By T.W. Paterson
There are 78 students and 11 staff members listed on the memorial scroll in the old school chapel.
Cowichan Station’s Prince of Wales Fairbridge School is a fascinating story in itself, oft-told, and not the subject of today’s Remembrance Day retrospective.
But for those not really familiar with its honoured place in the Cowichan Valley’s heritage, this quick re-cap by Library and Archives Canada:
“Kingsley Ogilvie Fairbridge established the Society for the Furtherance of Child Emigration to the Colonies, which was later incorporated as the Child Emigration Society, then as the Fairbridge Society. Its aim was to train homeless boys and girls for colonial farm life. In 1913, the society started sending boys to a farm school in Australia.
“The Prince of Wales Fairbridge Farm School was opened in 1935 in Cowichan Station, located on Vancouver Island, near Duncan, British Columbia. It was named after one of their major supporters, the Prince of Wales (later King Edward VIII).
“The society had the support of the provincial and federal governments. A regulation that prohibited the immigration of unaccompanied children under the age of 14 was waived. Students at the farm school lived in group cottages and were to receive a standard Canadian education up to the age of 15, then three years of vocational training.
“In 1938, Capt. James Cameron Dun-Waters donated ‘Fintry’, his orchard and dairy farm in the Okanagan Valley near Vernon, to the Fairbridge Society. Some of the older children from the Vancouver Island school worked at the Fintry Fairbridge Training Farm during the summers.
“Fairbridge also brought children from other agencies, including the younger Middlemore children. Also, Fairbridge children were first sent to the Middlemore Homes for training before emigration. Most were sent to Australia and smaller numbers to Canada.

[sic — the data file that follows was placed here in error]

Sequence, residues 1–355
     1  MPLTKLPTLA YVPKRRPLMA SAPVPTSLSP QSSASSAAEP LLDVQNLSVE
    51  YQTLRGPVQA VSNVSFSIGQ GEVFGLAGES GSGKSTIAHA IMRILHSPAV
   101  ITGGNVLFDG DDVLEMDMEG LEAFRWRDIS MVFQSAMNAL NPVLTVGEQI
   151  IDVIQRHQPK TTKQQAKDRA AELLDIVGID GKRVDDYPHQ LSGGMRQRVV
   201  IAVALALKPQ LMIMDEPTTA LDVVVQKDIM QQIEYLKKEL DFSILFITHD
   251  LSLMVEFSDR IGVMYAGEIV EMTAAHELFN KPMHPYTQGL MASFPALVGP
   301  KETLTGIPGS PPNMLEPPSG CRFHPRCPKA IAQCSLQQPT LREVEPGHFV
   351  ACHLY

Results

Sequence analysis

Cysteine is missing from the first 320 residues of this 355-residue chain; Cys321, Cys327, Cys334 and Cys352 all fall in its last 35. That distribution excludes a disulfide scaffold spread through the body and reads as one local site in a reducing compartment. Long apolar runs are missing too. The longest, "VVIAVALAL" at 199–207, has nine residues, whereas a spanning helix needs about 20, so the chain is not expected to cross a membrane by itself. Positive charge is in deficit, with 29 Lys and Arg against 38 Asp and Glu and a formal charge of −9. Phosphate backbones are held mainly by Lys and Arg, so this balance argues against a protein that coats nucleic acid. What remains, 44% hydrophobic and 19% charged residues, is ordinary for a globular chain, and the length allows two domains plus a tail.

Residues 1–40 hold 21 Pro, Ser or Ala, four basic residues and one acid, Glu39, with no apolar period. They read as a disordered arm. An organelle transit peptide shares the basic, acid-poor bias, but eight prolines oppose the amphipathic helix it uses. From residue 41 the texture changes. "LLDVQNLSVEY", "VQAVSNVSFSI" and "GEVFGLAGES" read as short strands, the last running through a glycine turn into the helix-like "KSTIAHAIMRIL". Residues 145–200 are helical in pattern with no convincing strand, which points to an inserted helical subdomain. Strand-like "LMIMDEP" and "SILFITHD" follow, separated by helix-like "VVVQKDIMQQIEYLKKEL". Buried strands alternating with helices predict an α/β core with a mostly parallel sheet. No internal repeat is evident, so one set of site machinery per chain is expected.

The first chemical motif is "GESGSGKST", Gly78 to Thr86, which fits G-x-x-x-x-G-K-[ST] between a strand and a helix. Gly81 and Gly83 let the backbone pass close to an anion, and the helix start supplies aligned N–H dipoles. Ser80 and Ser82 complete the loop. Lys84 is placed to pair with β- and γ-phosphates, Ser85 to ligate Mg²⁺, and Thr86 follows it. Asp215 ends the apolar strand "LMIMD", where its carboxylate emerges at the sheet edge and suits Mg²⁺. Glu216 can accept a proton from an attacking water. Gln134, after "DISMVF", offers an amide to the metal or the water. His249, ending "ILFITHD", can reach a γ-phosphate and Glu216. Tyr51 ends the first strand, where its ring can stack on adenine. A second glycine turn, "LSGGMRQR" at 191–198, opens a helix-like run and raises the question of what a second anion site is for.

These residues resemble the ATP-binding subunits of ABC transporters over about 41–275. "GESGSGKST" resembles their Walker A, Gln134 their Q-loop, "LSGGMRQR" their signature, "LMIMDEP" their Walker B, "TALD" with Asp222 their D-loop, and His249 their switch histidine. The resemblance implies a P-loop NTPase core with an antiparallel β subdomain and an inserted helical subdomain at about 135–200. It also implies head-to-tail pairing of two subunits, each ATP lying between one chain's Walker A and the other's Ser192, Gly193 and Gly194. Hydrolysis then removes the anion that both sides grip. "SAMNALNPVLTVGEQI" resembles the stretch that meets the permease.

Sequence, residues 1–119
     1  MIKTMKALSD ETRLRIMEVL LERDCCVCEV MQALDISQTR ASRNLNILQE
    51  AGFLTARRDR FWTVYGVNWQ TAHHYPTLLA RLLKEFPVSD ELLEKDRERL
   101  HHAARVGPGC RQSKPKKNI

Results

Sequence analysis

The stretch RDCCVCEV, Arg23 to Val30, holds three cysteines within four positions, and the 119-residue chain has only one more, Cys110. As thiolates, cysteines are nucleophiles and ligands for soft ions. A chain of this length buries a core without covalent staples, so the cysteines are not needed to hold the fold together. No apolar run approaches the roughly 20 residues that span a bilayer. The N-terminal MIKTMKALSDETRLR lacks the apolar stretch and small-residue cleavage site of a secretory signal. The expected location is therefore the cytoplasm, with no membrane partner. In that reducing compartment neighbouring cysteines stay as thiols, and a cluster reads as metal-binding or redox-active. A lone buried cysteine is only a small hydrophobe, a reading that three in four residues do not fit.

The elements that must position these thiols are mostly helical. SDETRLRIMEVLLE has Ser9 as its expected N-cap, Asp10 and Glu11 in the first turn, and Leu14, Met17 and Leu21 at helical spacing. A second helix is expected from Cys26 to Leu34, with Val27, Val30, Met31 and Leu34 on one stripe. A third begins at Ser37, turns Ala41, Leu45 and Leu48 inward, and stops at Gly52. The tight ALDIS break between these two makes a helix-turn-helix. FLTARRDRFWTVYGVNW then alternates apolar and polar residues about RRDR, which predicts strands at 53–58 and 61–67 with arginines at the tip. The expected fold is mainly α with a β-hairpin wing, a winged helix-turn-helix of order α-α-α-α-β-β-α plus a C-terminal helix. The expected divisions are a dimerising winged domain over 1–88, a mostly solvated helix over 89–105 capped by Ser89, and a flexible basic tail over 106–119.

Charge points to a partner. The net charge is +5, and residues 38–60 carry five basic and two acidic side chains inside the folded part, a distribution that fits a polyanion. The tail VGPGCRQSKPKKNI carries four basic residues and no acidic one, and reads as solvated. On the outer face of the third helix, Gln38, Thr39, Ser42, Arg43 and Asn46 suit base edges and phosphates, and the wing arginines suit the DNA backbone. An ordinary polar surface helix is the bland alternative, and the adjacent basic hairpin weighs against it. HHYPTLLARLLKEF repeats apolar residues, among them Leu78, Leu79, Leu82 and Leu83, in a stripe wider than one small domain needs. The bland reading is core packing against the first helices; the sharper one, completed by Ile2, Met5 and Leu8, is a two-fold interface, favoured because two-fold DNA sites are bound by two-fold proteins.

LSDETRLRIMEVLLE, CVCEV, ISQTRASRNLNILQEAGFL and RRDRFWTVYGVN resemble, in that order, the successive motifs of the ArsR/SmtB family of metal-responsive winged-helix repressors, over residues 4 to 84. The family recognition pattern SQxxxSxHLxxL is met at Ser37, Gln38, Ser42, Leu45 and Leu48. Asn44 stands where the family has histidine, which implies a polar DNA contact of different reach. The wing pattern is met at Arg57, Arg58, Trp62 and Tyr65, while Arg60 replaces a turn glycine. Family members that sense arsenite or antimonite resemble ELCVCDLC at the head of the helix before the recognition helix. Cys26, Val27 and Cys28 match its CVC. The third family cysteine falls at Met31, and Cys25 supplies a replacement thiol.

“Emigration slowed during the Second World War and the Prince of Wales Fairbridge Farm School closed in 1949.”
That’s the short and sweet of it. But there’s so much more to the story of our local Fairbridge. Not all of it’s rosy, and unmentioned in the above summary is the outstanding contribution made by Fairbridge students who served Canada during the Second World War.
Their overwhelming response to King and Country: 95 per cent of the eligible boys and 36 per cent of the eligible girls! This doesn’t include the 11 staff members who also served.
In May 1947 the Cowichan Leader reported a speech in the House of Commons by Lieut.-Col. Cecill Merritt, VC, MP. During a debate on immigration he lauded the wartime enrolment of Fairbridge students.
“When one turns to the war record of the graduates,” said Merrit, “he finds it very good, indeed. At the termination of hostilities with Japan, 95 per cent of boys and 36 per cent of the girls eligible by age to volunteer to serve had done so. I do not suppose that record has been exceeded by any other institution or group in Canada.”
There are 78 students and 11 staff members listed on the accompanying memorial scroll in the old school chapel. Norman Alsop and Thomas Kemp were both killed in 1944 and James Lally was a prisoner of war.
To re-quote Lieut.-Col. Merritt, “I do not suppose that record has been exceeded by any other institution or group in Canada.” It’s something worthy of remembrance — and not just at this time of year.